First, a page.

If you are travelling in Iceland, you might experience some things which are different compared to other travel destinations. Here are 10 things, which I recognised.
1. You’ll get coffee after dinner ( or at any other time of the day)
Coffee is for Icelanders what wine is for French – they love it. Although, they would never use the word „love“ as, like in other Scandinavian languages, you do not use this word very often, if ever. In Germany, I was trained to special coffee „times“, like in the morning or in the afternoon. But in Iceland there is always time for coffee. And in restaurants it is sometimes also included without saying.
2. Refill at cafes and cafetarias
You often can either get a refill for coffee (normal coffee) or soups. Either it is already mentioned in the menue or you just can ask for it. More often than not you will get more for your money than you might think.
3. Tap water for free
I know, it is or at least was common in France that you can get tap water to every order in a café or restaurant. In Germany, e.g. this was never common. Iceland has one of the freshest and unspoiled tab water in the world and this is for free, that’s just great service (see also Nr. 8).
4. No one will get circumtancial about travel documents
In Iceland anyone is rather relaxed about vouchers, documents and passports. I guess it because it is such a tiny nation, everybody knows everybody and you easily can somehow trace someone back, if something went wrong. It is easy to keep the overview. This creates a really nice and relaxed atmosphere in your holiday.
5. Tiny hotel rooms (at least in Reykjavík)
I have experienced at least three hotels (Hótel Cabin, Reykjavík Lights Hótel, Best Western Hotel) which have tiny rooms, regardless price or amount of stars. Even the upgrade would have been not much more romier. That’s because a lot of houses and buildings used to be either office rooms or buildings just have been not so big in the past. But as the demand for hotel rooms is rising dramatically, everything has to be converted into hotels.
6. Few signs, barriers or security advices
I have the impression Icelanders are appealing to the sanity and reason. That’s why you will find an uncommonly small amount of fences, barriers or security signs. The man in the cover picture is basically standing IN Goðafoss, not next beside it. But as it was frozen, you didn’t realize it immediately. Also, in all the geothermal fields like Seltún, where the earth is cooking with 100°C and more, there are – if at all – tiny barriers. But I guess, this will change soon with the rising amount of tourists. Recently, there were tourists caught on the icebergs in the famous Jökulsárlón. To avoid deaths or sueings (third biggest tourist group are U.S. citiziens, who are experienced with lawsuits). Not to mention environmental protect aspects.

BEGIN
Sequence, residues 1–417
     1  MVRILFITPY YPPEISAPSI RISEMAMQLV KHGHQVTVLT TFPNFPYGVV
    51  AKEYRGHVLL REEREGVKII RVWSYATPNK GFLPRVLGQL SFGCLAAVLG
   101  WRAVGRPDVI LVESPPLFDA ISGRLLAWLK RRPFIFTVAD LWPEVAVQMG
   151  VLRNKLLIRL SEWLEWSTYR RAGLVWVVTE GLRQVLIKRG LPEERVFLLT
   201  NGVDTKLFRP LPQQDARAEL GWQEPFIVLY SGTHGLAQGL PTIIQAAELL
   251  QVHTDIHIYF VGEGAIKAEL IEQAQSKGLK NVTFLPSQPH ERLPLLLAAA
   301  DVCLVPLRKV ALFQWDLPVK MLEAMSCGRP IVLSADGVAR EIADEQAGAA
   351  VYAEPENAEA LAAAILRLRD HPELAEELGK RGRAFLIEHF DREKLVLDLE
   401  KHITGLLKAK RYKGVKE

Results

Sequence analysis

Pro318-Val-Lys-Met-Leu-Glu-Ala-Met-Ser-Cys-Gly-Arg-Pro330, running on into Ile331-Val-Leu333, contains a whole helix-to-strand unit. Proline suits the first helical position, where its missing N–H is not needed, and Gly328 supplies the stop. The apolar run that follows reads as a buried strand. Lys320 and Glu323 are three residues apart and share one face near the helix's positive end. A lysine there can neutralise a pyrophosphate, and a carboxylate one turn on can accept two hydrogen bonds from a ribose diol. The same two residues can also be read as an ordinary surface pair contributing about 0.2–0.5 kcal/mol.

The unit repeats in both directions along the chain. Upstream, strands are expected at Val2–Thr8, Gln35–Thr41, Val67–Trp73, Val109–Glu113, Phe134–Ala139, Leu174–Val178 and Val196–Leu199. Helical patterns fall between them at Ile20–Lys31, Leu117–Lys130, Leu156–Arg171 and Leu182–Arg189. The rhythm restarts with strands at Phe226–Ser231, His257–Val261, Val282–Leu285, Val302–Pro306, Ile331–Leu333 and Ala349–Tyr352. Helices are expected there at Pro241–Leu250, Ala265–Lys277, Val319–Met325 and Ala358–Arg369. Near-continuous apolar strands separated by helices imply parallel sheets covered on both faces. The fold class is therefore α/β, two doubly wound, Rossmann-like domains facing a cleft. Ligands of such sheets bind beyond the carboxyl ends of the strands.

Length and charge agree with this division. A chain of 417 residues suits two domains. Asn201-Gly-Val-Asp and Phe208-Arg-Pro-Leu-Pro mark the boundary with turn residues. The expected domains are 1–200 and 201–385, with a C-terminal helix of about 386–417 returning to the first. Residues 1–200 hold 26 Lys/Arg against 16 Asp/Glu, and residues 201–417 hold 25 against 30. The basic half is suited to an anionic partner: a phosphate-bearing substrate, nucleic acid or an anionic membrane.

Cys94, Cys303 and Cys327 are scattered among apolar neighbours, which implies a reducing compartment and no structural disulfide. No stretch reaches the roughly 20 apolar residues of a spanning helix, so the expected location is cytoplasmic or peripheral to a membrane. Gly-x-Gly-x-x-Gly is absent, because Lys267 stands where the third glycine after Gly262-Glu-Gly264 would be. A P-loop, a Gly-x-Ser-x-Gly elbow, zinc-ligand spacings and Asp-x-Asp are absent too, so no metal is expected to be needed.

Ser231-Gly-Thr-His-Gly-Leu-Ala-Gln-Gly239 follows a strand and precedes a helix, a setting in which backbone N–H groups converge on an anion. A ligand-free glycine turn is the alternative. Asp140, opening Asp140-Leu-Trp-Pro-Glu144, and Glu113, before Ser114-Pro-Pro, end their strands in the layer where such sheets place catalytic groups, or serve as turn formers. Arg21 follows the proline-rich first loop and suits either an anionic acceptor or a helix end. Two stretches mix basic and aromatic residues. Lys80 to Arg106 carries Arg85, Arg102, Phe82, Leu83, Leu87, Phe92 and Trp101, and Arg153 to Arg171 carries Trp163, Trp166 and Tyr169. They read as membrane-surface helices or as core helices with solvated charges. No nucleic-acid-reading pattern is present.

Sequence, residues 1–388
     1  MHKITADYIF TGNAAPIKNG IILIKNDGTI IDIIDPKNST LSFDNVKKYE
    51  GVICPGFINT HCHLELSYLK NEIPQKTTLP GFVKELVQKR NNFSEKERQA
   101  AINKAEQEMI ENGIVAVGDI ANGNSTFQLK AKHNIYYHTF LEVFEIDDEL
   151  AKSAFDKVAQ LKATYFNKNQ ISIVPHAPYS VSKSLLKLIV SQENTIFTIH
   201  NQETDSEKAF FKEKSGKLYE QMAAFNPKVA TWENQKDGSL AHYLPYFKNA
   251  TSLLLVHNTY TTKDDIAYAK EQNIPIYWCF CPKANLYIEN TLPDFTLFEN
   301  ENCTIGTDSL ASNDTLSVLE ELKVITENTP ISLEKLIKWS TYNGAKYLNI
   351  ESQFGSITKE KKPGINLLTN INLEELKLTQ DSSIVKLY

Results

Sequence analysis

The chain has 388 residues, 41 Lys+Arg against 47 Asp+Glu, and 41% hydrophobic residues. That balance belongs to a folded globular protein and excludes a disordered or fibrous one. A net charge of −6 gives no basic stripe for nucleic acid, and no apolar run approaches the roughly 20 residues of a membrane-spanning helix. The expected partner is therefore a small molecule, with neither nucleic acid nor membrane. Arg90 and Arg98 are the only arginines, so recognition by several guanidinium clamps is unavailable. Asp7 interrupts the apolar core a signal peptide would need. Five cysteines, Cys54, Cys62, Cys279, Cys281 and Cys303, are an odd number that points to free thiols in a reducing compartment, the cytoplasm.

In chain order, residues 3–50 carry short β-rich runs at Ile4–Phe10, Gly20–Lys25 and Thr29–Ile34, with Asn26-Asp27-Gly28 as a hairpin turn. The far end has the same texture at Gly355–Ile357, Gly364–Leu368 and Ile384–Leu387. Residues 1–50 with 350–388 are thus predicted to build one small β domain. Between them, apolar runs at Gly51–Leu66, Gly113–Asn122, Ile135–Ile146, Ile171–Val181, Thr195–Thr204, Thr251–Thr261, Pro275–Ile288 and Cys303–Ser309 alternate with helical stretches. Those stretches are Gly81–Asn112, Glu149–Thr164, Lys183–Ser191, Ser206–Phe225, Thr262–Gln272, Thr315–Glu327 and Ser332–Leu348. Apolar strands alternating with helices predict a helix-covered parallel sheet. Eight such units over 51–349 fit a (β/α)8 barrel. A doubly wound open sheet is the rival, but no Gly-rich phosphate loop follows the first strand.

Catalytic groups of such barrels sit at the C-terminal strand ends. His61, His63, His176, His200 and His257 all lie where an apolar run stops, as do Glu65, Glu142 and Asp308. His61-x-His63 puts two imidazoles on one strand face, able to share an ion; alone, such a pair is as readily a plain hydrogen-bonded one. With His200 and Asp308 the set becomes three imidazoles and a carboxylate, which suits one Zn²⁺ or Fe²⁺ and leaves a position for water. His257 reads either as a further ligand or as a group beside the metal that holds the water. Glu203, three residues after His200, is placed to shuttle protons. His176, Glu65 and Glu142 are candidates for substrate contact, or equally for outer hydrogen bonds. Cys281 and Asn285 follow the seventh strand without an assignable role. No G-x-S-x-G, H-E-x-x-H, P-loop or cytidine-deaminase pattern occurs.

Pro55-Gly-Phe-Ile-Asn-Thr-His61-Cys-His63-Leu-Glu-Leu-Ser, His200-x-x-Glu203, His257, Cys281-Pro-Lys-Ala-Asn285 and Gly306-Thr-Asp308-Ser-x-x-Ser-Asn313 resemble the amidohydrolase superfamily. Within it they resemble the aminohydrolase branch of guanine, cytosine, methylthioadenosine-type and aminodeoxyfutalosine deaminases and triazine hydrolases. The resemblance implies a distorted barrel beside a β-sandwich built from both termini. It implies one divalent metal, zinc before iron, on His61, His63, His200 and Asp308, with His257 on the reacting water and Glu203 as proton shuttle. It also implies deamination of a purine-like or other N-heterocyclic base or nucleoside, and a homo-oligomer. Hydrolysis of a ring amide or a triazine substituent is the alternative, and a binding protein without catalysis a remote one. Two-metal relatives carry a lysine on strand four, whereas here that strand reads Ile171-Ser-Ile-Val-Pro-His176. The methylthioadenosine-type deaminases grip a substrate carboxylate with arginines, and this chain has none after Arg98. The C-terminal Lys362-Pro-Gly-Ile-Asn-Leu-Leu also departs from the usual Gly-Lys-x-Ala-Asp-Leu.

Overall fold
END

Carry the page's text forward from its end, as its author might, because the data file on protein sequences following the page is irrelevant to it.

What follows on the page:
7. Pay literally everywhere with credit/cash card
Even in the remote Þórsmörk you will be able to pay with cash or credit card. Or pay a hot dog (pylsur) at a kiosk. Like in every other Scandinavian country in Iceland this mean of payment is prevalent. The only thing so far, I wasn’t able to buy was a cover for my bus ticket (100 ISK). Although there was a cash card terminal, but I guess the amount was just too small! However, this was not possible …
8. Extraordinary service
Icelandic people are very helpful. Which I guess is due to their history. Without solidarity they wouldn’t have come such a long way through adamant winters, a woodless country, devastating diseases and nature disasters. Now it comes in handy for travellers: Broken shoes, stranded in the middle of nowhere, extraordinary demands? No problem, they will come up with a solution and help you out.
9. WiFi all around
It will take you some effort to name restaurants, hotels or other facilities where there is no (free) WiFi. As one of the most technologistic countries in the world, Iceland of course is well equipped when it comes to that.
10. Delightful food
I keep on hearing and experiencing it myself: Food in Iceland is delightfully fresh and tasty. Einar, the chief in Volcano Huts during the summer once explained it that way: Iceland just produces a small amount of food on their own, but what they produce is of real quality. Freshly caught fish, lamb which was freely raised in the highlands or potatoes from farmer next door – they don’t have a mass production and therefore pay more attention on the quality, not quantity.
Have you been travelling in Iceland and recognized other specalities?